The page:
News | April 29, 2007

New Hospital First Receiver Training Package Meets JCAHO, OSHA Requirements

April 30, 2007 - Emergency Film Group has produced Hospital First Receiver, a training package that prepares healthcare workers to handle a rapid influx of contaminated patients from a terrorist attack or other mass casualty incident.

The series follows the guidelines of OSHA's Best Practices for Hospital-Based First Receivers and JCAHO's accreditation standards for decontamination and emergency planning.

The package consists of 4 DVDs and an Instructor Guide and Student Workbook. It provides at least eight hours of training in the competencies required by OSHA for certification at the Operations Level.

President Gordon Massingham of Emergency Film Group, who directs the series, has been involved in Hazwoper training for over two decades. "An incident involving mass casualties from a hazardous materials or WMD event would place healthcare facilities and staff at risk of contamination. Hospital staff assigned to carry out decontamination require Operations Level training, yet until now most Operations Level training has been aimed at fire fighters. Our customers have been eager to have this type of training for their healthcare facilities," Massingham said.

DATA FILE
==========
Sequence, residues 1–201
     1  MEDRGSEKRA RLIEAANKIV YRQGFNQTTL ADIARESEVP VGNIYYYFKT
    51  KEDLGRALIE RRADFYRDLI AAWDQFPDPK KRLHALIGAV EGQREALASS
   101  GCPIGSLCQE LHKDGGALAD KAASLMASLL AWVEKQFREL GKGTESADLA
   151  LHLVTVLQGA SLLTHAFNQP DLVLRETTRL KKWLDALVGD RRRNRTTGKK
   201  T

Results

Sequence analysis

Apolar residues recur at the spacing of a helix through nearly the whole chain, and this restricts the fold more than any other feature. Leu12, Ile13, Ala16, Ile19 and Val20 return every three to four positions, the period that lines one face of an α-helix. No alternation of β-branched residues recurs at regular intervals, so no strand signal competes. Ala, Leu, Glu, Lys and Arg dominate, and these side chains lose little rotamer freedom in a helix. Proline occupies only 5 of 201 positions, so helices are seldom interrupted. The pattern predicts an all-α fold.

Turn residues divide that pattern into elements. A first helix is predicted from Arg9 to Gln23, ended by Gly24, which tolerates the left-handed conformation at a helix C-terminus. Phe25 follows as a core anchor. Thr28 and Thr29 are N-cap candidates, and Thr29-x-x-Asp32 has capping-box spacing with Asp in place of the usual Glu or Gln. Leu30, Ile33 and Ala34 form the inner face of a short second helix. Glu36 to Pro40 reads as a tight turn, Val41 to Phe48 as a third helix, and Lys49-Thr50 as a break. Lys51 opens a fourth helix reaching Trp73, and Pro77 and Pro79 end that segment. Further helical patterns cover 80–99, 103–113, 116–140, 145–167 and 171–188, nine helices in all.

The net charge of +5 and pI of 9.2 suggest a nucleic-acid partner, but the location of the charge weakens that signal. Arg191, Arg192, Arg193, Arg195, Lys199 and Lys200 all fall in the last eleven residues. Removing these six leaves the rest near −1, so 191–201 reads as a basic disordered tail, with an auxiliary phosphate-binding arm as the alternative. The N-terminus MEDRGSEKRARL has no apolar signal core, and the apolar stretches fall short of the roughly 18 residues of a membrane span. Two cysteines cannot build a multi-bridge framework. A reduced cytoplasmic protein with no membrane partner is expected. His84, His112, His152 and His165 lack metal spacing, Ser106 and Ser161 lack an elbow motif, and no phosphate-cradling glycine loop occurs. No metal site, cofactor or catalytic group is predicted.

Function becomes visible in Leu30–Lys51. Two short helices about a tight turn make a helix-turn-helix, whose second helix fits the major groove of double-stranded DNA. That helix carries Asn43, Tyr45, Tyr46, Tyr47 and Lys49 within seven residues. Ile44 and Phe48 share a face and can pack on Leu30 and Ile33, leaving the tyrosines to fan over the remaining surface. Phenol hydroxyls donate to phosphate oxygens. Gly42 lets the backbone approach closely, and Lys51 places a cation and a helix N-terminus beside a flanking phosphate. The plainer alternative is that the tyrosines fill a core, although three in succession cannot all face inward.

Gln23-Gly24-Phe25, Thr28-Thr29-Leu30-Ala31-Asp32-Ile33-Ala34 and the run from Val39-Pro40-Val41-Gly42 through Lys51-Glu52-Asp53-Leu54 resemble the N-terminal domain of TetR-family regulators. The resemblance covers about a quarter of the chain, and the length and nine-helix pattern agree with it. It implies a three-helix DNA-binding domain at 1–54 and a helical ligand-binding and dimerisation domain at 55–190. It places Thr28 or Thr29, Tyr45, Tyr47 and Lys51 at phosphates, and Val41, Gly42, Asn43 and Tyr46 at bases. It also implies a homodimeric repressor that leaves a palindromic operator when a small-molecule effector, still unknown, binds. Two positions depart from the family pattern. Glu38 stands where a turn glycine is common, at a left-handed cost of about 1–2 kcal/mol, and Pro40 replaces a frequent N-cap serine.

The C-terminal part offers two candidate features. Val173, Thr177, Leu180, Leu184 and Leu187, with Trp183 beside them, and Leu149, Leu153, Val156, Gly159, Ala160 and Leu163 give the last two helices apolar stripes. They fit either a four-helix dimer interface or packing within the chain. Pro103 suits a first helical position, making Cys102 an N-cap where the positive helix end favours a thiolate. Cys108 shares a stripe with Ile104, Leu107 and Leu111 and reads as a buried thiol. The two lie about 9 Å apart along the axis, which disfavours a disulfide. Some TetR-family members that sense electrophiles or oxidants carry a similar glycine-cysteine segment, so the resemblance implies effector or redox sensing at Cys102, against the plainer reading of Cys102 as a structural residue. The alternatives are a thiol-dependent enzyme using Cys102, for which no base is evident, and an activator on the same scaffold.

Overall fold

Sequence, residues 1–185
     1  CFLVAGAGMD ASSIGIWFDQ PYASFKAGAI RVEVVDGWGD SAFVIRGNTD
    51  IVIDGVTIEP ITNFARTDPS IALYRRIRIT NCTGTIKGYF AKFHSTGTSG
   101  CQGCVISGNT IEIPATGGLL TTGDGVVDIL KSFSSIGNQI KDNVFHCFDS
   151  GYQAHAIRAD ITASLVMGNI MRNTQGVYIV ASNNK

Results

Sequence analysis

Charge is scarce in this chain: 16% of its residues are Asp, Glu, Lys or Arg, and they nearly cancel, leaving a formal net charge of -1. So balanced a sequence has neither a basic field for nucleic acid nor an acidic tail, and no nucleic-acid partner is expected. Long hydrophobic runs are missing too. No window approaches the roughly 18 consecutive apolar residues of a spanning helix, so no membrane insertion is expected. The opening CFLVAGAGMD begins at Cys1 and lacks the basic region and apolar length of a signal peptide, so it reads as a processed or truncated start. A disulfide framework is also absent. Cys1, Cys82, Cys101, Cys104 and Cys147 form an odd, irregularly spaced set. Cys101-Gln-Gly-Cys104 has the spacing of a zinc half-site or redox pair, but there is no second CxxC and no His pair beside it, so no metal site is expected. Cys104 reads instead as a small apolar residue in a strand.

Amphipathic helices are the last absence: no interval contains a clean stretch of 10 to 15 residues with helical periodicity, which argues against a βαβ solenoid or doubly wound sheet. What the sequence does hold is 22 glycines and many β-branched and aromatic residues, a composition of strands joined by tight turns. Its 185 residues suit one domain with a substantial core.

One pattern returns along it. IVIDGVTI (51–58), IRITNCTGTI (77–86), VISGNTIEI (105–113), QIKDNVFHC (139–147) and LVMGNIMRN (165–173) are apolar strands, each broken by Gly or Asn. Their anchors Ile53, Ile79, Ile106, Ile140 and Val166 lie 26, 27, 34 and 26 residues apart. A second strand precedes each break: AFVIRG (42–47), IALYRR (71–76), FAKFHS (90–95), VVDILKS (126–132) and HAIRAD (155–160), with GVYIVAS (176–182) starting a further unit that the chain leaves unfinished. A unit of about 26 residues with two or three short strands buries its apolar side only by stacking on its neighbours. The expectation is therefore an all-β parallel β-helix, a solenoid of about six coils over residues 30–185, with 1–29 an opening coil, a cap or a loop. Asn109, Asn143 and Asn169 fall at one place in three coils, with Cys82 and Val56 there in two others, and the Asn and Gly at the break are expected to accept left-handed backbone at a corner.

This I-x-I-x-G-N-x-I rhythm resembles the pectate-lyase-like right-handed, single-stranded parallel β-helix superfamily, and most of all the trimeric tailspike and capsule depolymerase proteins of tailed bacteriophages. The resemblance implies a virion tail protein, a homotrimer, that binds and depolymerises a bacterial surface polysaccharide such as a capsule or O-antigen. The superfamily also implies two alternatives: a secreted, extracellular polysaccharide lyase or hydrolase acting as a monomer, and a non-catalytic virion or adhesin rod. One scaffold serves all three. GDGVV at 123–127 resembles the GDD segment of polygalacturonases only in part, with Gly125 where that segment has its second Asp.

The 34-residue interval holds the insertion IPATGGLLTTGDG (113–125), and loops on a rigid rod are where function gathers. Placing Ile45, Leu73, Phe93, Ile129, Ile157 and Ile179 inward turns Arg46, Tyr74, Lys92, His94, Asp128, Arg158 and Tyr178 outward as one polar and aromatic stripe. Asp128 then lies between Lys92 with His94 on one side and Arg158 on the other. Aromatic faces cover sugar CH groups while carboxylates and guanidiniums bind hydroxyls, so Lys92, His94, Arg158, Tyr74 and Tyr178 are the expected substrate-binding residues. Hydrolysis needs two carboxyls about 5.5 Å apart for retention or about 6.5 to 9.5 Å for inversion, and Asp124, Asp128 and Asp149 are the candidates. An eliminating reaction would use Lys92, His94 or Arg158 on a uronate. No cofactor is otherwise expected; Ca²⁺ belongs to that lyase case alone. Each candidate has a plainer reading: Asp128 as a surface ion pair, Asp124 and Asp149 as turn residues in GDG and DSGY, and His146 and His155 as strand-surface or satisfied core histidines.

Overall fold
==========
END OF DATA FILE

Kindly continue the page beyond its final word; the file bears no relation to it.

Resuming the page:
The series explains and portrays the use of ICS within a healthcare environment that is consistent with the most recent revision of the Hospital Incident Command System (HICS -- formerly HEICS). It will help healthcare facilities integrate with the National Incident Management System (NIMS). Hospitals and other medical facilities that become NIMS compliant are better able to work with law enforcement, fire, and other emergency agencies during times of crisis.

The four modules in Hospital First Receiver are "Recognizing Contaminated Patients," "Hospital Incident Command System," "Self Protection" and "Patient Decontamination." Although it is sold as a series for Operations Level certification, the individual programs may also be purchased separately. "For example," explains Massingham, "a hospital that purchases "Recognizing Contaminated Patient would be able to show this program to every employee for Awareness Level training. Or they may choose to purchase the HICS program to update their incident management plans."

To view an online program description of Hospital First Receiver, visit www.efilmgroup.com/Hospitals-and-Emergency-Medical/Hospital-First-Receiv....

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